Roberto dos Reis1; Rodrigo Pessoa Cavalcanti Lira1,2; Mathias Violante Mélega1; Gabriel Guerra Cordeiro2; Mauricio Abujamra Nascimento1; Mônica Alves1; Carlos Eduardo Leite Arieta1
Purpose: To determine whether the axial length is associated with the education level in elderly patients with cataracts who were not exposed to electronic devices in the first two decades of life.
Methods: This cross-sectional study was conducted in elderly patients with cataracts in Campinas, Brazil. Patients were divided into 2 groups: Group 1 included those who completed, at most, elementary school (including the illiterate and those who partially or totally attended elementary school), which corresponded to 12 years of schooling; Group 2 included, at least, high school graduates (including those who completed high school and those who partially or fully attended university). The sample was selected randomly with stratification for sex and age. The main outcome was the axial length.
Results: The sample consisted of 472 elderly patients (236 per group) who underwent cataract surgery. There were 272 (57.6%) men and 200 (42.4%) women; the distribution was symmetrical between the two groups. The median age (IQR; range) was 66 (12; 50-89) years. The median axial length (IQR; range) was 22.82 (1.51; 20.34-28.71) mm in Group 1 and 23.32 (1.45; 20.51-31.34) mm in Group 2 (p<0.001).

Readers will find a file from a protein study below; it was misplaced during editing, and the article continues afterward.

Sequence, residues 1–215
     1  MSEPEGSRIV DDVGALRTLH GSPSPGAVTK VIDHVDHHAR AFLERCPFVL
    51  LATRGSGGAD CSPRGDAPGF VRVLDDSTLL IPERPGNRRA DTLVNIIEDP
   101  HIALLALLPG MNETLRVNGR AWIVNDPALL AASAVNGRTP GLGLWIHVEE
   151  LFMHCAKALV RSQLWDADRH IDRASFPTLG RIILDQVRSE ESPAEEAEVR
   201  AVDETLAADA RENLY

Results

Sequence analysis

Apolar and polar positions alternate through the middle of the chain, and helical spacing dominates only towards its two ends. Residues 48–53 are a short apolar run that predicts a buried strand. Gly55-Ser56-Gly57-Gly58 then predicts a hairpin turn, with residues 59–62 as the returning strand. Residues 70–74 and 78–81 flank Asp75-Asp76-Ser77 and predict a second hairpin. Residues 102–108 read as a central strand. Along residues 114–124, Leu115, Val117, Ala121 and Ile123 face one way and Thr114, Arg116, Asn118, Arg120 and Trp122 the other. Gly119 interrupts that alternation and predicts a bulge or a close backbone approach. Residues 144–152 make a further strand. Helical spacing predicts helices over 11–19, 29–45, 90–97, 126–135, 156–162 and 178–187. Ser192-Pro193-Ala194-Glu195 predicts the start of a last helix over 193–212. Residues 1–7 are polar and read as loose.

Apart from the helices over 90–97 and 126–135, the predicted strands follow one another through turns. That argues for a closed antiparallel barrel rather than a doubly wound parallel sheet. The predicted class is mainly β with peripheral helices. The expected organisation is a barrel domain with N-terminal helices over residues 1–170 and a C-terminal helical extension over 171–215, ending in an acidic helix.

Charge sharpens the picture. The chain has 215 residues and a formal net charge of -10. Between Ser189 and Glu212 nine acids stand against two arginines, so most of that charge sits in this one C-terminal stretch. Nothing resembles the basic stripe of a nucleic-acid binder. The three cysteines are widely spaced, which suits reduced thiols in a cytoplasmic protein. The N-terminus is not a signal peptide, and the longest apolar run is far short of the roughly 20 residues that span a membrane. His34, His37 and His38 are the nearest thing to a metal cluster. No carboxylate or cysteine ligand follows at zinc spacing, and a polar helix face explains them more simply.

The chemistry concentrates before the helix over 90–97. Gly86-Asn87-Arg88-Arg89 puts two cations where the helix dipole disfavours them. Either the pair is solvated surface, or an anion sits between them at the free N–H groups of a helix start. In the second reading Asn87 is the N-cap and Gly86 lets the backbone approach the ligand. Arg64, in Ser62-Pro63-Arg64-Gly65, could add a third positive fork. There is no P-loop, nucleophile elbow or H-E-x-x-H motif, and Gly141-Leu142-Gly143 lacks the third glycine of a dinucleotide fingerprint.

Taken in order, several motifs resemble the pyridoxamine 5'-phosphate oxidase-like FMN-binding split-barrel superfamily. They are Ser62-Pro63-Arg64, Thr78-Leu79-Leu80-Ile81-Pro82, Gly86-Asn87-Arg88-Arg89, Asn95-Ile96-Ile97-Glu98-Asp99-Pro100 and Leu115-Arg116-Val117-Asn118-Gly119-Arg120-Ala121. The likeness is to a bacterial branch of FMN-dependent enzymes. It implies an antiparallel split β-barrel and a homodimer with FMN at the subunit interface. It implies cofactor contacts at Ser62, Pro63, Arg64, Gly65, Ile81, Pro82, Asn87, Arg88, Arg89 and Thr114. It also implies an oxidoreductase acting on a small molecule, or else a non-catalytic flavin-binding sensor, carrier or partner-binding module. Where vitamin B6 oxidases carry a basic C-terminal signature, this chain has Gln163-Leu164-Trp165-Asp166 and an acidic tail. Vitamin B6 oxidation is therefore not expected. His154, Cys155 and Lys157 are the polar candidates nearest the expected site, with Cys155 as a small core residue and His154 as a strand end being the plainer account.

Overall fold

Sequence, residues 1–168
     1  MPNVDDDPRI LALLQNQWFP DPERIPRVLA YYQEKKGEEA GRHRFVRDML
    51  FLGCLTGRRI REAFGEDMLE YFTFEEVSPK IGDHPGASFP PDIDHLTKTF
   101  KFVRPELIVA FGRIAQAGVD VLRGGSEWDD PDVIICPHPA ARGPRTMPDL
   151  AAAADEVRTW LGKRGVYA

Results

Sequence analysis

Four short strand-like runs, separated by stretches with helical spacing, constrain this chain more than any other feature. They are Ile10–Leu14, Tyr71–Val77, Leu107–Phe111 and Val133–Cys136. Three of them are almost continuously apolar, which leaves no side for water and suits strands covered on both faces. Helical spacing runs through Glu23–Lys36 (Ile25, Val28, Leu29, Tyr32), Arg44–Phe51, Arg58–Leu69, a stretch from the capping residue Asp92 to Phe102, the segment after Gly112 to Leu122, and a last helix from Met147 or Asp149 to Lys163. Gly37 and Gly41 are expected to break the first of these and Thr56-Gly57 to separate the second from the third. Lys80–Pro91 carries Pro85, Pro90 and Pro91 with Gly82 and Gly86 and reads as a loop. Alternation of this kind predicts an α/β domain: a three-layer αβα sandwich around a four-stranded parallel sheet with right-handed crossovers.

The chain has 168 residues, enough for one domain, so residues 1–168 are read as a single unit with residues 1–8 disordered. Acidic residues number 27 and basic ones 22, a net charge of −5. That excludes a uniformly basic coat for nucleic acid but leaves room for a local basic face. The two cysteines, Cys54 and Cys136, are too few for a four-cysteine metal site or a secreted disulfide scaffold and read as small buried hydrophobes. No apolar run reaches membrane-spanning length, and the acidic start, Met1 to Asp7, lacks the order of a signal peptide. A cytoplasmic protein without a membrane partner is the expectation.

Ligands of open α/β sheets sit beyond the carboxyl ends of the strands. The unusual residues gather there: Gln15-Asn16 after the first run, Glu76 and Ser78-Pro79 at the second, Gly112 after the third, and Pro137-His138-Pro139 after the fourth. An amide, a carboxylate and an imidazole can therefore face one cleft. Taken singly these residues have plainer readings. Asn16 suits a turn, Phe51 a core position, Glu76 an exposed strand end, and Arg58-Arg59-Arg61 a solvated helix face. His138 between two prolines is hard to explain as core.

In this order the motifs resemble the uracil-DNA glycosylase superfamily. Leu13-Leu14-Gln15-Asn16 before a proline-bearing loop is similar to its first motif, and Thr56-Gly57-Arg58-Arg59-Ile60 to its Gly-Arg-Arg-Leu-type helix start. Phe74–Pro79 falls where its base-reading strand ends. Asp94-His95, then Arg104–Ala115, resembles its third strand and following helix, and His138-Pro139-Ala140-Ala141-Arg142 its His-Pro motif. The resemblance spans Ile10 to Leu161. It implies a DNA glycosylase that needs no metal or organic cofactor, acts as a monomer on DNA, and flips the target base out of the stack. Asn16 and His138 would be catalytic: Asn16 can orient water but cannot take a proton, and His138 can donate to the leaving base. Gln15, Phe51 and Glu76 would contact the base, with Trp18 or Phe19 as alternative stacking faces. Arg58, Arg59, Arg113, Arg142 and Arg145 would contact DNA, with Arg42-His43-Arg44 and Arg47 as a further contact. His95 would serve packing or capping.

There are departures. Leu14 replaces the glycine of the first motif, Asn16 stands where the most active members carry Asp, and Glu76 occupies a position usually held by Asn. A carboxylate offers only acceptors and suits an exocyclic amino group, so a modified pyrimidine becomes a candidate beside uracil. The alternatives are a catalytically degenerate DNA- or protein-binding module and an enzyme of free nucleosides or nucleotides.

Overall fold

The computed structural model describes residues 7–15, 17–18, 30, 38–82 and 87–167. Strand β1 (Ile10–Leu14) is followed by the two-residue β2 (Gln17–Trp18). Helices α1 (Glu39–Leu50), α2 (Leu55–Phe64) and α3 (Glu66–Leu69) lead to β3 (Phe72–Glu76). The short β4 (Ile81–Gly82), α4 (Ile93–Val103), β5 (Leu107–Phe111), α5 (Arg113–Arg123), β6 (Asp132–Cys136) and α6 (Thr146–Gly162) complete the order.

Conclusion: A greater axial length was associated with a higher level of education in elderly patients with cataracts, suggesting that myopization is related to an increase in activities requiring near-vision even before exposure to electronic devices.
Keywords: Axial length; eye; Myopia; Biometry; Cataract; Educational status; Humans; Aged.